US multinational tech giant Yahoo revealed on September 22 that hackers, which it believes were state-sponsored, had stolen information from around 500m users in what appears to be the largest publicly-disclosed cyber-breach in history.
Personal information accessed in the breach, which apparently occurred in 2014 but had not previously been made public, included names, e-mail addresses and “unencrypted security questions and answers”.
Cybersecurity experts offered commentaries in response to the news:
Stephen Love, security practice lead-EMEA, Insight UK:
“Yahoo is once again in the spotlight for a breach that has been named the largest in history, affecting about 500m users. This is huge and as the public become more aware of the worth their personal details hold, the bigger the impact it will have on the organisation. It is yet another warning of the necessity for every organisation – no matter how large or small – to have a robust security approach to its data management.
“However, communication should be the first priority of reacting to such a breach. Telling customers about a breach that happened in 2014, isn’t acceptable. Even more so with the European Union’s (EU) General Data Protection Regulation (GDPR) only two years from implementation, which will force organisations that face breaches of this nature to notify customers within 72 hours. If they don’t, they will face massive fines that damage the financial stability of the company and this, coupled with the reputational damage, could see the business facing bankruptcy.
“Planning ahead is the best course of action for any business. 2018 might seem a way off, but with just over three months until 2017 begins, before we know it, the new legislation will come into effect. Addressing the EU GDPR now will allow businesses to budget and prepare, taking manageable steps to ensure a compliant business environment that will help protect the company from the potential fallout of non-compliancy.”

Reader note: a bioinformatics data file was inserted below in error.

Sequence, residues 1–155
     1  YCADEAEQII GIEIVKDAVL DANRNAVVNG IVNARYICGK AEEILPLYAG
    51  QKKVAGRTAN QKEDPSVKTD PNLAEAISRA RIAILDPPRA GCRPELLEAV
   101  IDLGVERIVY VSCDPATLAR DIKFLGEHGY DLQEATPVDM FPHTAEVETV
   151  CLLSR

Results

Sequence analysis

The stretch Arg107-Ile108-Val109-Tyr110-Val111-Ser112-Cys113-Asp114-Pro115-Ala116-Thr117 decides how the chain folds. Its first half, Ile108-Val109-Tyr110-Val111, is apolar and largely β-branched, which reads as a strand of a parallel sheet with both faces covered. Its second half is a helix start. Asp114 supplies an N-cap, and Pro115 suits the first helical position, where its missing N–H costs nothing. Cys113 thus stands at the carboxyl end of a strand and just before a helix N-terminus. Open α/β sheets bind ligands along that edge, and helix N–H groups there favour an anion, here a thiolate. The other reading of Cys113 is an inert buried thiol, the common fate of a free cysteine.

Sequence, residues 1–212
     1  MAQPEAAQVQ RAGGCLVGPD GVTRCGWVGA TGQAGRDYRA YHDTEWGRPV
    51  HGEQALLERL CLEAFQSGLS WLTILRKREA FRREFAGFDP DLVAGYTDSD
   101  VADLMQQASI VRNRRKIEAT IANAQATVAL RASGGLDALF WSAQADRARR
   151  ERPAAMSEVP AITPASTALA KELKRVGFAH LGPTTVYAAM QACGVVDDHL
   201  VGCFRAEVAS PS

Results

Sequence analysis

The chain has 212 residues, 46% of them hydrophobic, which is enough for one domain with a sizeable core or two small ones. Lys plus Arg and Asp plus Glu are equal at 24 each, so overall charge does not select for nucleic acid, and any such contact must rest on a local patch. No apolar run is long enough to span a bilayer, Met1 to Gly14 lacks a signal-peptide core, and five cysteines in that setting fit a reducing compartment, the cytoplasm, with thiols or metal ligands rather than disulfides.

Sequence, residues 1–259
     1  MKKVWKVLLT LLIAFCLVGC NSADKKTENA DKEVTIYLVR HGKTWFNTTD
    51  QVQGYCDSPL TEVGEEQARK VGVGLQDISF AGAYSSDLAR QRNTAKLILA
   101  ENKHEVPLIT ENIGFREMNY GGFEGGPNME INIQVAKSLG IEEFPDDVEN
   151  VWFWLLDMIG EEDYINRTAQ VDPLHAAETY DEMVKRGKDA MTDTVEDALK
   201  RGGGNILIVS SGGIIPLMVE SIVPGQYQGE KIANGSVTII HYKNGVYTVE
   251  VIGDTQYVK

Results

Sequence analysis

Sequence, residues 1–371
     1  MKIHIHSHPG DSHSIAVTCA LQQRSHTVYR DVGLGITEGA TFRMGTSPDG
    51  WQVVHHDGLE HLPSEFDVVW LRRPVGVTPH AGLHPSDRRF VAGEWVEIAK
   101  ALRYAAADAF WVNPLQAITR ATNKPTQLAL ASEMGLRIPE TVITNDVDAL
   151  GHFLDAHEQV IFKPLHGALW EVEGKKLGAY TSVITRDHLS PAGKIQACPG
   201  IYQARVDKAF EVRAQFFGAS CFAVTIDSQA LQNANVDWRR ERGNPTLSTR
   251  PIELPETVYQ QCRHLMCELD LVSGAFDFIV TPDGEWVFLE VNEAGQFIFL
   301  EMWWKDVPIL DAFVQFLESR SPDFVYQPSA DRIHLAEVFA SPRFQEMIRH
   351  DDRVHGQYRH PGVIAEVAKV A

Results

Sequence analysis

Kurt Baumgartner, principal security researcher, Kaspersky Lab:
“These types of breaches highlight why all companies need to be cybersecurity leaders, implementing best practices and available security technologies, such as the delay in encrypting instant messaging (IM) communications, implementing https for its web properties and more.
“Of course, this situation reminds us of Google’s Aurora advanced persistent threats (APT) incident in 2009, announced in 2010. When we compare these two breaches, it is incredible that it’s 2016 and users are only being notified years after a major breach like this one, and only after another organisation made the issue public. While it is important to note that Yahoo! provides a list of account “meta-information” that appears to have been stolen and leaves out content of email accounts, the credential knowledge based challenge information and passwords were stolen as well. So, passwords could have been reset on accounts without customers carefully checking password resets and access. And, the knowledge based challenge information used to reset passwords may have been re-used to attack other web services the customer may be using.
“In the meantime, if you are using a Yahoo! email account, it’s a good idea to set up a “Yahoo account key,” which removes the need to enter passwords and enables a level of two factor authentication.
“Do not fall for social engineering schemes that will follow this incident. Everyone should be aware that any breach notice that Yahoo! emails out will go only to their email service users, and it will not provide links to click on, include any attachments, and will NOT ask for personal information.”
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